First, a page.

Niggli Verlag

Airport Wayfinding Book

Air­ports are mega-places where mil­lions of peo­ple move and cul­tures meet. They are places whose iden­tity is multi-lay­ered: On the one hand, the his­tory and the de­sign con­cept of the re­spec­tive coun­try can be read, al­most cliché-like lo­cal char­ac­ter­is­tics are con­densed and re­flect the po­si­tion­ing of a coun­try in the global struc­ture. On the other hand, air­ports rep­re­sent hy­per­mod­ern, func­tional en­vi­ron­ments in which processes are in­ter­na­tion­ally stan­dard­ized and max­i­mally ef­fi­cient with a fo­cus on en­ter­tain­ment and con­sump­tion.

This book re­flects on the cen­te­nary of civil avi­a­tion from the per­spec­tive of pas­sen­ger in­for­ma­tion and air­port iden­tity. Air­ports and Air­lines have to in­te­grate new con­cepts and tech­nolo­gies to sig­nif­i­cantly re­duce the in­dus­try’s car­bon foot­print while si­mul­ta­ne­ously en­sur­ing trav­eller safety. The tran­si­tion to a new era of avi­a­tion is hap­pen­ing now, and there is no doubt in our minds that de­sign, in­for­ma­tion de­sign and wayfind­ing will con­tinue to be es­sen­tial tools in this fun­da­men­tal trans­for­ma­tion. An­other mo­ti­va­tion for pub­lish­ing a book at this mo­ment.

Air­port Wayfind­ing
English, 240 pages, 800 images, 23 x 28,5 cm

Au­thors and Ed­i­tors

Heike Nehl, Sibylle Schlaich

Publication date



Nig­gli, im­print of Braun Pub­lish­ing AG, Salen­stein

view on the web­site of the pub­lisher
Mi­crosite Moni­teurs

Trans­la­tion and proof­read­ing

Marla Luther, Julie Hage­dorn


Bild1­Druck GmbH, Berlin

The authors and Moniteurs partners Heike Nehl and Sibylle Schlaich are two leading information designers and wayfinding specialists. They set out on a quest to decipher the unique identities in the wayfinding systems of over 100 international airports.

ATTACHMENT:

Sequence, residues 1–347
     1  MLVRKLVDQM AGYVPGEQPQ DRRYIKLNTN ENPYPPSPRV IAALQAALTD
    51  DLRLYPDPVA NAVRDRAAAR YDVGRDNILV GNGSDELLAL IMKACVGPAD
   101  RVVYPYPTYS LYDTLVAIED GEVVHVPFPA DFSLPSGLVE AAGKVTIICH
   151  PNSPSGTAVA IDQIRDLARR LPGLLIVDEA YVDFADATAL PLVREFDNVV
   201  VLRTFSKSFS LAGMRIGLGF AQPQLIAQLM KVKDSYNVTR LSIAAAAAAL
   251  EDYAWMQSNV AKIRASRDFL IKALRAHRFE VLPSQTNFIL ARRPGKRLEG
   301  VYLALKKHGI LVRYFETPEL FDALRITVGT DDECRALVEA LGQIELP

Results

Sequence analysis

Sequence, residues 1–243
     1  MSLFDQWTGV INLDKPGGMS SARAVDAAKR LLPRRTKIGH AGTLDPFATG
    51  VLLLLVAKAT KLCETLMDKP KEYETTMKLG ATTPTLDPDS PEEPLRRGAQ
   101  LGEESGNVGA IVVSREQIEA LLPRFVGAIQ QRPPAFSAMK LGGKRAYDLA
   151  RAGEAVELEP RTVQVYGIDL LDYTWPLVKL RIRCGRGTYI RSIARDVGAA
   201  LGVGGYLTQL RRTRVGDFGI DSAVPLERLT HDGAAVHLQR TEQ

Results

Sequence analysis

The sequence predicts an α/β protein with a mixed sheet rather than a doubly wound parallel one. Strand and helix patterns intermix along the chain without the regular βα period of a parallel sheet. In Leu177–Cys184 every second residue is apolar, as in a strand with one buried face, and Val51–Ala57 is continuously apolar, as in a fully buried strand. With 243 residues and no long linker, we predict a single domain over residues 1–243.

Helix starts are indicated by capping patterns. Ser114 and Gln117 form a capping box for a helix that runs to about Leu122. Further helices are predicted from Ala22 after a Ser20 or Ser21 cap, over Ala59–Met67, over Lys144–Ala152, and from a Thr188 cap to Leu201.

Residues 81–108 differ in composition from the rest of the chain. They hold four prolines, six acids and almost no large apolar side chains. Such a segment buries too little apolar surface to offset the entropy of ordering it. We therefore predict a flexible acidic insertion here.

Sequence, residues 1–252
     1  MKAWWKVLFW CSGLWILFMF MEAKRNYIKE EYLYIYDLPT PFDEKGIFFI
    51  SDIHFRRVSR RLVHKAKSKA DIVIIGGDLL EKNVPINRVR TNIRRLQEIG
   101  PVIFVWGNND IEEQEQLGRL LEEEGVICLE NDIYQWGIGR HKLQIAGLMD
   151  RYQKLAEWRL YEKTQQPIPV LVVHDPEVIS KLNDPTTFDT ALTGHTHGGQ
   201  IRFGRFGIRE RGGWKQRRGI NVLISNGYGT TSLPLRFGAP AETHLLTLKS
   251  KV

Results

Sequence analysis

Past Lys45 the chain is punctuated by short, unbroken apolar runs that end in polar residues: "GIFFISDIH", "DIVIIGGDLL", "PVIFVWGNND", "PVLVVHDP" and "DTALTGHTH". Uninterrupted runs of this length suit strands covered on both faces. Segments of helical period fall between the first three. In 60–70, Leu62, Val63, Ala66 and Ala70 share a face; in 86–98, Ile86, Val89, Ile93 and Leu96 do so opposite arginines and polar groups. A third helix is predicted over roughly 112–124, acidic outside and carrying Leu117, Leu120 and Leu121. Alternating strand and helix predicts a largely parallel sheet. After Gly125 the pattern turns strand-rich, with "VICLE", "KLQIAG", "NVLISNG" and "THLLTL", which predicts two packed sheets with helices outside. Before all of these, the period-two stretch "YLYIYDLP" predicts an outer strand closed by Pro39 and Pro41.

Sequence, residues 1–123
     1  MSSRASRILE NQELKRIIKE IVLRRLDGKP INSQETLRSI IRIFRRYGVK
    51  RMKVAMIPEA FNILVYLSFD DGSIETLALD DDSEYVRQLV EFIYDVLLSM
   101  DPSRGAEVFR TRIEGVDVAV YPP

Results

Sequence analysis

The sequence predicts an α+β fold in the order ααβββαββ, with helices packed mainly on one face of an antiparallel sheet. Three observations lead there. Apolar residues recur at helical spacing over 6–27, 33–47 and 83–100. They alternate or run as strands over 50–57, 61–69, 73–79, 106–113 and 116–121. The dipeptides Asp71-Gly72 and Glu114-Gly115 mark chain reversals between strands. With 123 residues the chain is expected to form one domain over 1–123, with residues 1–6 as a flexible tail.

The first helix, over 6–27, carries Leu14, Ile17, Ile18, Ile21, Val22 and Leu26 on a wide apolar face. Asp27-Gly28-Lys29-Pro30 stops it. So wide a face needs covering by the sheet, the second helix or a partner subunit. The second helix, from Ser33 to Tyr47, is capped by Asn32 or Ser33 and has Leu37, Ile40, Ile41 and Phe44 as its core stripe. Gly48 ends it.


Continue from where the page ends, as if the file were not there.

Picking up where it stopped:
The Evolving chapter is a journey through 100 years of airport history: How do airport typologies change, and what impact do these changes have on passenger flows and on-site information needs? Pictured right, Chicago O’Hare Airport’s new Global Terminal with a Y-shaped layout designed by Studio ORD, a collaboration between Studio Gang, Solomon Cordwell Buenz, Corgan, Milhouse Engineering & Construction, Inc. and STLarchitects.

This book is the product of Moniteurs’ many years of intensive reflection, analysis and creative work in the wonderfully complex world of airport wayfinding.

Still in the design phase: the snowflake-shaped terminal designed by MAD Architects. The new Terminal 3 at Harbin Taiping International Airport takes on the shape of an oversized snowflake floating just above earth.

Pictograms are indispensable elements in airport wayfinding and are used on almost every sign. Good pictogram design can improve the quality of the airport experience and can also convey a unique style, value or atmosphere.

Frutiger, followed by Helvetica has become the global standard font for airport wayfinding systems of the largest airports of the world. Each airport could have selected a typeface rooted in the society, culture and design tradition of its location and reflect the individuality of the airport.

Airports wayfinding has transformed into a spatial interface in which travellers use multiple media to navigate a vast, complex and multipurposed structure.